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Weight Watchers


I went to Weight Watchers as a thirteen year old. A friend of my parents’ was a Weight Watchers leader, and when we spent time at her house she made Weight Watchers recipes, and talked up the meetings, until it became clear that I was her direct target, with my vaguely pudgy body.


“Rude much?”


Unfortunately, that first foray into dieting set me off on the anorexic path: if eating less is better, eating nothing must be perfect. For a year and a half, I ate less and less until I lost my period, and spent a summer fainting. When I started to eat again, and no matter how little I ate, I gained weight. Fast. It turned out that I had burned out my thyroid with my starvation adventures, and I’ve been on synthetic thyroid replacement pills ever since.

In my twenties I did a very simple on-line program, with calorie counting and recipes. And it worked. Except that I, again, reached a point where I thought I should stop eating altogether, and I panicked at every food choice, and lost almost all joy from eating. And then I got very very tired, and short of breath, and no matter how much I exercised, or how little I ate, the weight crept back on. That time, I ended up on pain medication and spent years going to every kind of doctor in the book.


“I’m starving.”

My current attempt at Weight Watchers came from an offhand suggestion from the cardiologist, when he did a work up for my borderline high blood pressure. I pooh pooh-ed it at first, because there are other reasons for my blood pressure to be high, but when I looked up the new version of Weight Watchers it looked manageable. I figured it couldn’t hurt.

At least for now, the list of unlimited foods makes this plan doable, because I don’t have to worry about getting to the end of the day with no calories left in my budget. I’m still overwhelmed by all of the different point values, though, and I am entirely dependent on the Weight Watchers app to tell me what I can and what I can’t eat, and when; but I’m not starving, and that’s a relief.

Except, weight loss is a dangerous thing. It’s like gambling or video games: you can get addicted to the high of success, and lose track of everything else that matters to you. Like staying alive. Chances are high that losing weight won’t improve my health in any significant way (because my health problems caused the weight gain, rather than the other way around), but there’s some relief in being on a plan, and having clear guidelines to follow, instead of having to trust my own judgement all the time. Food has always been stressful for me, and maybe making it simpler will reduce some of my overall anxiety.


I eat a lot of canned peaches (juice drained), and Greek yogurt (plain, nonfat, with Truvia sweetener). I eat a lot of chicken and eggs and veggies and fruit. I’m still trying to get a handle on the Smart points, and how much to budget for things like oatmeal, or whole wheat bread, or sweet potatoes, or, of course, ice cream and cookies.

Cricket thinks the unlimited chicken thing is Nirvana. And she’s sure that I chose this diet plan with her in mind.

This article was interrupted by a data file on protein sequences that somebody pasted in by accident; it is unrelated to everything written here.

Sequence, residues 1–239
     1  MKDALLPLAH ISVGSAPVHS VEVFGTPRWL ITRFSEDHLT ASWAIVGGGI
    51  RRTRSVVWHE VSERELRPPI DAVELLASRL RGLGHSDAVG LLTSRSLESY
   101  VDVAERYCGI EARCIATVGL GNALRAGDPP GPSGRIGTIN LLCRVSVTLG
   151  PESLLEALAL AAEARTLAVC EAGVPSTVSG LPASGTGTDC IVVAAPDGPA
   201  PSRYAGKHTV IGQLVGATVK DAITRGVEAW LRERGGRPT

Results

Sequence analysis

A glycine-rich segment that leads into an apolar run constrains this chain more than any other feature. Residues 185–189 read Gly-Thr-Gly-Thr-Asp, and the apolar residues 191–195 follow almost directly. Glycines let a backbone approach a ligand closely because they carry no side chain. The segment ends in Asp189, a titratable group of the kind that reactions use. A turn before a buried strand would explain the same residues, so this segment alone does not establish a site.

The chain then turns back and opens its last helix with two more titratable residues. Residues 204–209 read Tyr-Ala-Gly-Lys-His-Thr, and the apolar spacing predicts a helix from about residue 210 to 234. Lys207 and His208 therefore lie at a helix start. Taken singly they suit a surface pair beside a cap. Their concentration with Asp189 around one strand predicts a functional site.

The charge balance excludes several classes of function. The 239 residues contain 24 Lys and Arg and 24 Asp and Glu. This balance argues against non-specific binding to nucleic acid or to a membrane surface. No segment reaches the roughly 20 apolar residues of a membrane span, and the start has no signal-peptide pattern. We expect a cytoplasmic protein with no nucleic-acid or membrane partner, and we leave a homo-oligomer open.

You’re welcome, Cricket.

Puppies in Paris

Those puppies really liked me

Those puppies really liked me


            When I was fifteen years old, my mom and I spent two weeks visiting my aunt in Paris. It was August, and my aunt told me that we came at the wrong time of the year, because everyone was away on vacation and there were no kids my age left in all of Paris. I discovered for myself that August was a bad time to visit because the heat is unbearable and my aunt didn’t believe in air-conditioning.

I remember noticing that there were dogs on the subway, but I don’t have a strong memory of the dogs on the streets of Paris. Maybe a lot of the French dogs were in the country for August with their owners.

A few weeks before we left for Paris, my dog, Delilah, died. And I missed her. The hope was that Paris would rejuvenate me, and Mom too. We would see the city of lights and be inspired, and hopeful. I’d spent two years learning French and being indoctrinated into the romance of Paris and cafes and the Seine and the museums. I didn’t know that I could still be depressed in Paris.

I had panic attacks. I was afraid of everything that summer: heights, food, buses. I was dizzy and sick to my stomach and anxious all the time. We found out later that my thyroid had burned out and that a lot of my symptoms were related to not having enough thyroid hormones, but at the time, I just felt awful. I was afraid to walk up the glass steps at a museum, because I could see the floor below me and I could picture myself slipping through the slatted steps to my death, like a long legged Flat Stanley. I kept trying to put my foot up on the next step. But I couldn’t do it.

It was a week and a half of that. Feeling frightened, and guilty for being such a burden, and lonely, and struggling to remember any of my two years of French.

And then we found the puppies. I thought we were just going from one flower shop to another. There are so many outdoor markets in Paris, for cheese and vegetables and flowers. But it never occurred to me there would be a row of puppy stores in the middle of it all.

Everyone in Paris seemed so aloof and sophisticated and cool and hard. And I am none of those things. All of my vulnerable, soft, lonely, hopeless feelings were rising to the surface. And then there were the puppies. And what are puppies but soft and loving and needy and vulnerable and desperate to be held and chosen and taken care of and shown attention.

I wanted to climb into the cage with the puppies and snuggle, but I was too big and the cages were too high off the ground. But I felt better. One nose kiss at a time, I started to feel better.

Poodles! In France!

Poodles! In France!